India hosted the G20 summit from September 9 to 10 in Delhi. But it was amusing to see the steps it took to make the city more appealing, skilfully hiding its shocking realities.
In keeping with the Potemkin spirit of concealing the unpleasant reality, Delhi’s shanty towns were erased and the surrounding areas spruced up, leaving no trace of the unfortunate reality of the poor who barely survive on less than $3 per day.
In 1787, in Russia, the ruler of the time Grigory Potemkin set up artificial pasteboard villages in Crimea, along with cheering crowds imported from Central Russia, to impress Empress Catherine. The decor was dismantled as soon as the empress left.
It is not clear whether the show put up in Delhi at the cost of 150,000 hapless people, depopulated to suburban ghettos, impressed the G20 participants, but it certainly annoyed human rights activists across the world.
Can India’s human rights violations and not-so-hidden minority apartheid be concealed through a successfully held event for members of the world’s elite club? Can the Potemkin unreality of the Delhi shanty towns be extended to the spirit of the G20 summit which challenged the concrete BRI reality with aspirations for the India-Middle East-Europe Economic Corridor (IMEC)? The idea of the IMEC that was floated with great fanfare is an improvement on still-born economic initiatives like the Indo-Pacific Economic Framework (IPEF) and the Build Better World (B3W).
The Chinese have carefully welcomed the IMEC as a complementary economic corridor reminding the world that the BRI with a financial spending of over $1 trillion has already signed agreements with 150 countries whereas the B3W has hardly committed less than $10 million since its inception in June 2021. The unrealized potential of six GCC countries’ decade-old railway connectivity project of 2,117 km should remind one of the utopian nature of the IMEC.
There are geopolitical landmines before the IMEC due to the inclusion of Israel and Jordan, and big financial commitments to this freshly minted corridor of peace and economic prosperity. Many EU countries have already signed the BRI, and projects like the Piraeus Port in Greece and the Budapest-Belgrade Railway attest to the inclusivity of the BRI.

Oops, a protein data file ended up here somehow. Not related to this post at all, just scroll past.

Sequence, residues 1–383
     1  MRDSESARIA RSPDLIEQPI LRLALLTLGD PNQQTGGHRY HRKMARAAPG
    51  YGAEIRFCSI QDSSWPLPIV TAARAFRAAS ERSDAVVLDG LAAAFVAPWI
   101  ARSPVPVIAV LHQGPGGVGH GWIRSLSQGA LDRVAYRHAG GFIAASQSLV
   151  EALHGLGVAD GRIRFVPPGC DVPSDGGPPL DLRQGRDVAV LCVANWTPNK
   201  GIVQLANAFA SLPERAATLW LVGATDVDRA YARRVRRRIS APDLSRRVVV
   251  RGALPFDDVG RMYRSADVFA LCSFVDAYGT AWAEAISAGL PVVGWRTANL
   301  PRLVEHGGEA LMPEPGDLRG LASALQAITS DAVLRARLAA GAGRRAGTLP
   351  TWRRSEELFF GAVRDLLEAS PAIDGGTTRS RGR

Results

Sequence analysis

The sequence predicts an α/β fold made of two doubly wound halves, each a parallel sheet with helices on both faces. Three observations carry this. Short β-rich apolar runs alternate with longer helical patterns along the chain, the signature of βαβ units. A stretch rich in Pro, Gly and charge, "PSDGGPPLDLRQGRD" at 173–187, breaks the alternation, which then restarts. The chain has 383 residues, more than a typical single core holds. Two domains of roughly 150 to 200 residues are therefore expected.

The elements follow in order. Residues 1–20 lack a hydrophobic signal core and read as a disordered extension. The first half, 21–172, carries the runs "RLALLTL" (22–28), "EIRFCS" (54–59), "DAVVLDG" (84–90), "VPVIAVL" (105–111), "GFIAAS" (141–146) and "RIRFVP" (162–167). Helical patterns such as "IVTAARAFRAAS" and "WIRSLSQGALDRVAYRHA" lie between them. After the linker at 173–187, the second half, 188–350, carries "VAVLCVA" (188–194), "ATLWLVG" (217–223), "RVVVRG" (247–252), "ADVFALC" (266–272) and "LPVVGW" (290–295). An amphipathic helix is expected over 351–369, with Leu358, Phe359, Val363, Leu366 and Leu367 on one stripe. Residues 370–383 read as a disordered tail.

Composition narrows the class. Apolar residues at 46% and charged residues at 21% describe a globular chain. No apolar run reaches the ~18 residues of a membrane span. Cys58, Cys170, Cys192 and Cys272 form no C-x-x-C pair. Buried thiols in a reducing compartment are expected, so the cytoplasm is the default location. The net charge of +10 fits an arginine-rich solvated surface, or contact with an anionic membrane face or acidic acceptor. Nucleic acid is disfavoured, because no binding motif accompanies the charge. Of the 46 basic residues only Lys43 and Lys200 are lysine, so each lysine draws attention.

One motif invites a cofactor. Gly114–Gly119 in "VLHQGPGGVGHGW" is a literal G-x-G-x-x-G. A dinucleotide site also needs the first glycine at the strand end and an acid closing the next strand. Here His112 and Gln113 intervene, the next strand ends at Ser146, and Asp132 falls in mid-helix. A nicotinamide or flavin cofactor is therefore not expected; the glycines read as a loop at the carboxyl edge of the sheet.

Compared to the BRI, the IMEC appears to be a Potemkin village unless the world transits towards a Kantian worldview of economic interdependence and peace by doing away with confrontational bloc politics. The IMEC would have better chances of taking off the ground if it embraces the BRI instead of shunning it. The omission of Pakistan and Turkiye from the proposed corridor points to strategic naivete as both countries offer unique land and sea spaces for economic connectivity. It is hoped that the IMEC might connect with the BRI one day.
For now, one can only see how well the Potemkin reality of India’s affluence hides the ugliness of socio-economic discrimination reserved for minorities in India. The nexus of crime and politics, institutionalized corruption, corporate greed and assault on minorities is a lethal brew reserved for all those who are outside the gilded pale of Hindutva-driven politics.
While India tried to polish its credentials as a champion of the Global South through the G20 summit, it decided not to send its external affairs minister to Cuba for the G77 plus China meeting (September 15-16). India, under the BJP, has abandoned Nehruvian secular nationalism and has adopted Nathuram Godse’s religious nationalism. This atavistic affinity to religious revivalism is a product of RSS-driven politico-economic elitism that seeks to exclude minorities as well as under privileged castes.